About AraAppaloosa HorsesAbout AraAppaloosa Horses

AraAppaloosa horses are a refined version of Appaloosa in many ways. The main registry for the Appaloosa horses was established in an effort to protect and develop the Appaloosa. Because of claims of similar ancient origins, the registry allowed the Appaloosa to be crossed with pureblooded Arabians. The AraAppaloosa of today is said to be a re-establishment or preservation of the best examples of the Appaloosa breed found, namely, in early American Indian tribes.  

AraAppaloosa horses are known primarily by their coat; which needs to be one of the basic Appaloosa color patterns. They are between 14 and 15 hands high and have the same general conformation of the Arab: refined head, stamina, and elegance.  

The AraAppaloosa and Foundation Breeder's International is, in some ways, an off-shoot of the Appaloosa Horse Club founded in 1938. The AAFBI was formed for those breeders interested in establishing the Appaloosa with Arabian blood. Both breeds show ancient ancestry in Asia Minor, leading the AAFBI to believe that a crossing of the two would lead to the "true" Appaloosa horse (good examples of which were seen, and today modeled after by the AAFBI breeding program, in the Nez Perce Indian tribe's stock in the early 18th century).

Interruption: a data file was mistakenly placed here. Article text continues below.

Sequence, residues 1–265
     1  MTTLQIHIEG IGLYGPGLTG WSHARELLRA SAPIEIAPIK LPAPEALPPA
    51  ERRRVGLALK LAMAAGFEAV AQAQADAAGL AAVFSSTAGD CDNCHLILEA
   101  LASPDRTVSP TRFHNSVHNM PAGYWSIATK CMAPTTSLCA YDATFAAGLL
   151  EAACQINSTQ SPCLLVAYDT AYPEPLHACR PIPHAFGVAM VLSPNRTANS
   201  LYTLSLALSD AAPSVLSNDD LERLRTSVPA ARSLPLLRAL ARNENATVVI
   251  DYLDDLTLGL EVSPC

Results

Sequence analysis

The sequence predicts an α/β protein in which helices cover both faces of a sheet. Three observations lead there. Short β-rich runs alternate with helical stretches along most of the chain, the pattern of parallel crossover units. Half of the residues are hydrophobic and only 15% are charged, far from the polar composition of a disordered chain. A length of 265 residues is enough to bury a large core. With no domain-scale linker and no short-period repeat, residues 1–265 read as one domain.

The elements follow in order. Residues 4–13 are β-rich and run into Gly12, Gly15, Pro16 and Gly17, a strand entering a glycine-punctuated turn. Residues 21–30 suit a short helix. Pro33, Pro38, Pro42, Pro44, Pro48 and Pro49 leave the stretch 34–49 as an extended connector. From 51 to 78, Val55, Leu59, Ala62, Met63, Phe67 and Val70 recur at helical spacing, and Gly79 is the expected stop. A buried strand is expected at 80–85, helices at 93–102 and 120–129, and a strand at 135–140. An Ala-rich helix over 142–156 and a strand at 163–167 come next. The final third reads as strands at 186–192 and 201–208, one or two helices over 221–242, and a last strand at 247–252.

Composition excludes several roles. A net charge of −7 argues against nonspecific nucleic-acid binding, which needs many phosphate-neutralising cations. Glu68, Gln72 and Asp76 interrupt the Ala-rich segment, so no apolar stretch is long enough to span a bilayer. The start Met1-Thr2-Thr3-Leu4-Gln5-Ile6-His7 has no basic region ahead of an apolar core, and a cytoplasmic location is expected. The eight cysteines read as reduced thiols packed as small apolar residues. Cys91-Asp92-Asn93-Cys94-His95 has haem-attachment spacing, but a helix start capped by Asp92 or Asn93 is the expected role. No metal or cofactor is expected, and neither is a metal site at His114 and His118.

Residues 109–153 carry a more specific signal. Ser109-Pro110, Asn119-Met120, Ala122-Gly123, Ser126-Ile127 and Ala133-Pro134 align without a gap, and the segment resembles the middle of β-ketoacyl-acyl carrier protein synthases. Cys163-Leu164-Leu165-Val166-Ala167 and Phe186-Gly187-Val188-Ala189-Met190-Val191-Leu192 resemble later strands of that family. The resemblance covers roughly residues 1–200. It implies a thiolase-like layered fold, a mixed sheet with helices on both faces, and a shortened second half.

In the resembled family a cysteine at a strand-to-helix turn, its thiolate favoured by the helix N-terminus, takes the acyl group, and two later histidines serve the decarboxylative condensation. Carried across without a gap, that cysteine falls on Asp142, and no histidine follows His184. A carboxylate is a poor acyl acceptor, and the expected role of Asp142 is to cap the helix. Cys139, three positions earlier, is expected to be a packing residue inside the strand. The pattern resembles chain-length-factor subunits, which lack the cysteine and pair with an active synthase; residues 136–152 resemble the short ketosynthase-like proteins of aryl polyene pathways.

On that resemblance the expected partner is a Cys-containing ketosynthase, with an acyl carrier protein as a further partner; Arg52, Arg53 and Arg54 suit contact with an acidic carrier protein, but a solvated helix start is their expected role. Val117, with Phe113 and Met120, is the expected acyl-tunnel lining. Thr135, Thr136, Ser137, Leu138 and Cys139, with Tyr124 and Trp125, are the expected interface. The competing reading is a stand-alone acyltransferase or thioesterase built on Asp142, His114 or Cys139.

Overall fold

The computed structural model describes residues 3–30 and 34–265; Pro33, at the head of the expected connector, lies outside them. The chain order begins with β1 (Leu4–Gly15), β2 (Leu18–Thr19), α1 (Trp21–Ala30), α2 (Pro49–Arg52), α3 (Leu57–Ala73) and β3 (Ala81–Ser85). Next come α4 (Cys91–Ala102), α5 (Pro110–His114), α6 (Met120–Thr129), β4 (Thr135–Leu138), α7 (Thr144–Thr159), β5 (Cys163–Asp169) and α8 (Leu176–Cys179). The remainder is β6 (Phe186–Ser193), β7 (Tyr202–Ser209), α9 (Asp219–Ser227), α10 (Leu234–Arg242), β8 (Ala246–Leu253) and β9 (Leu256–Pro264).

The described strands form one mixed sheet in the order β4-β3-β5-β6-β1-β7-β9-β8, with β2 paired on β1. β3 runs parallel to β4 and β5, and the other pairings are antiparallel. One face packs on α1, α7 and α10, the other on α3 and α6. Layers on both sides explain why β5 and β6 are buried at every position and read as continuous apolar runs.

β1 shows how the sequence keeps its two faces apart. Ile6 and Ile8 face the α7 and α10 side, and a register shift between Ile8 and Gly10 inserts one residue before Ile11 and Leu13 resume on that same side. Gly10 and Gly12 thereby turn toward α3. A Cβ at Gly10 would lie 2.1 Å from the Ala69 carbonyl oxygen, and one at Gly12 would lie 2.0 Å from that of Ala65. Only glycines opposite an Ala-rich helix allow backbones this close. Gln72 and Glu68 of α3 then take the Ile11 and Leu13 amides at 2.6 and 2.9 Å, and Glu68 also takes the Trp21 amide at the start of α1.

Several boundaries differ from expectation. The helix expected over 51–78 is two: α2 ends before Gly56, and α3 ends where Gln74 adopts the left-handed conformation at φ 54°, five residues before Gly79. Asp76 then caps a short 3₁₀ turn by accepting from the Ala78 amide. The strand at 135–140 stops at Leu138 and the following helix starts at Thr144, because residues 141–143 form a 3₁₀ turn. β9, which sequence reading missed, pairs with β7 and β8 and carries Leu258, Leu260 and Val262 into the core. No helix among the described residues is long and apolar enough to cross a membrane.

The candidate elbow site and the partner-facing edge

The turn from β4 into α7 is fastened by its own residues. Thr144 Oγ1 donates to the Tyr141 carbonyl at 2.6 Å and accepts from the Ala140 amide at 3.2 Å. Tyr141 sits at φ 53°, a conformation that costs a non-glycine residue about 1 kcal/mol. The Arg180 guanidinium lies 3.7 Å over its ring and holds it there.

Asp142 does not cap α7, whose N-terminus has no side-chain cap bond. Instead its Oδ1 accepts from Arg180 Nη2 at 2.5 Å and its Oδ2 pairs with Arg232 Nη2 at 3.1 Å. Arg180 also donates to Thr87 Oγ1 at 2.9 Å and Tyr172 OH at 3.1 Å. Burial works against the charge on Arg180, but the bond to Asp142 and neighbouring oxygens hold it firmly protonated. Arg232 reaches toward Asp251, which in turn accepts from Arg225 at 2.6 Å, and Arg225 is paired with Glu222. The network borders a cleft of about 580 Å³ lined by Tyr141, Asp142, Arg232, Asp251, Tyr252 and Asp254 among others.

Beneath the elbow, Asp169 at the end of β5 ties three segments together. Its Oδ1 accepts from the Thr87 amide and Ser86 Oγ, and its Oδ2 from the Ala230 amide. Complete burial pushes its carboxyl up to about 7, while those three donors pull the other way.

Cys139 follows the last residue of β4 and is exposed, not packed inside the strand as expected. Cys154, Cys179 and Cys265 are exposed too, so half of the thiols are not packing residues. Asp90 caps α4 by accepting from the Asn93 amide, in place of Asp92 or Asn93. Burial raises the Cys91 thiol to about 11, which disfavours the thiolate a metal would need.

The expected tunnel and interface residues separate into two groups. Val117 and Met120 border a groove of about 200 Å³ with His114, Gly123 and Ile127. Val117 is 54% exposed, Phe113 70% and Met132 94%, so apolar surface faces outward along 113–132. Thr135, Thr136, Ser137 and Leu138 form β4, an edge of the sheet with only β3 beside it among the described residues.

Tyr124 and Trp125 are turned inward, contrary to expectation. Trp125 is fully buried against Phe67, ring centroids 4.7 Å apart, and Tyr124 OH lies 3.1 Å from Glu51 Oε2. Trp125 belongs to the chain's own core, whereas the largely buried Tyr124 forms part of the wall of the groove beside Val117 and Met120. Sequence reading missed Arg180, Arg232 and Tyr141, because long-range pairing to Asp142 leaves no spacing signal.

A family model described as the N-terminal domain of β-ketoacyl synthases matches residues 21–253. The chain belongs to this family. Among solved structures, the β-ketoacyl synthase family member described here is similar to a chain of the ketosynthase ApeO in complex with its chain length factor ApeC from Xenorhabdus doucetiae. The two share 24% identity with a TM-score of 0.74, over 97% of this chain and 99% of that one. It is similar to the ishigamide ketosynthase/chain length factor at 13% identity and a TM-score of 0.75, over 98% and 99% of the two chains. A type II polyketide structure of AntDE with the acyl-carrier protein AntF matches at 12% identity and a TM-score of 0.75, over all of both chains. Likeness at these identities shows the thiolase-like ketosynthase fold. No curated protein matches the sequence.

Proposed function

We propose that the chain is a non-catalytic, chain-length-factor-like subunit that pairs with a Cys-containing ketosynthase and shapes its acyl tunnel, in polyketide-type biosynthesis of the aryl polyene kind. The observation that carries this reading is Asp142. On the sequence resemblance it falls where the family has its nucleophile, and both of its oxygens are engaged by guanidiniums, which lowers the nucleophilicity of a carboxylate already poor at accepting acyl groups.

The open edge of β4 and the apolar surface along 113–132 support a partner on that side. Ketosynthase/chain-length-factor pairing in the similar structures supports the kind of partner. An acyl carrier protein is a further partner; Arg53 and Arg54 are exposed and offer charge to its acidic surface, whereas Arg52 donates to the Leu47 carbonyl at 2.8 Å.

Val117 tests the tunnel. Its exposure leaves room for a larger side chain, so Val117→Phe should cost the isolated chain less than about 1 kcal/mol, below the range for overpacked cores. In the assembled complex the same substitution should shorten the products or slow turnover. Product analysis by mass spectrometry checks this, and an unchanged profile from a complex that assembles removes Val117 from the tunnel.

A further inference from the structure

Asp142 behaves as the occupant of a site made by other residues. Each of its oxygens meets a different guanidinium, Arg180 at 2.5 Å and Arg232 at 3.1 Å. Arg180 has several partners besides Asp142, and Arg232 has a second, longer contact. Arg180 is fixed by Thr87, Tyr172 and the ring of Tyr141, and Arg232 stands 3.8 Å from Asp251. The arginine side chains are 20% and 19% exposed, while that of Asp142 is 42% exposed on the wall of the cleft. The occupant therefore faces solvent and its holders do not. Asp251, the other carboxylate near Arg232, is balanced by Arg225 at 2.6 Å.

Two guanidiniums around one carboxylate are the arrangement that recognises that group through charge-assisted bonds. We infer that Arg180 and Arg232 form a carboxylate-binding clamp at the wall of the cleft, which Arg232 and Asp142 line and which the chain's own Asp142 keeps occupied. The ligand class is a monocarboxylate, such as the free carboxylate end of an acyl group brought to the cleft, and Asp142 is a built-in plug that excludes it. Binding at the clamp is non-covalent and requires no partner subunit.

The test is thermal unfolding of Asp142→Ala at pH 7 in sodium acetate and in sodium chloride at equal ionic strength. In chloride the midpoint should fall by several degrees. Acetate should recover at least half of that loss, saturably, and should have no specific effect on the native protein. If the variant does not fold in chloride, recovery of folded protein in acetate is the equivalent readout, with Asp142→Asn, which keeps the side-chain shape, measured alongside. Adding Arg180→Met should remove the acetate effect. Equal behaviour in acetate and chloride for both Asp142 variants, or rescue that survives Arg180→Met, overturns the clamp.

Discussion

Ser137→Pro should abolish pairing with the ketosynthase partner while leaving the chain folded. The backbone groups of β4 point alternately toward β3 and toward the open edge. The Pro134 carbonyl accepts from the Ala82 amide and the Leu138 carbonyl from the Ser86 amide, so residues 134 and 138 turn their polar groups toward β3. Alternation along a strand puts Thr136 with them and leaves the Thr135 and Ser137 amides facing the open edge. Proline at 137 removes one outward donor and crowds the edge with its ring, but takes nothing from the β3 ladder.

There are claims that the spotted horse is the oldest horse "type" found in the world, and it is the AraAppaloosa Registry's aim to develop a refined horse that lives up to this history. Like the Pintabian, the AraAppaloosa is any high-quality Appaloosa that is crossed with an Arabian. Breeders claim that the ancestry of both the spotted horse and the Arabian are similar and should thus be incorporated into a single, dignified breed.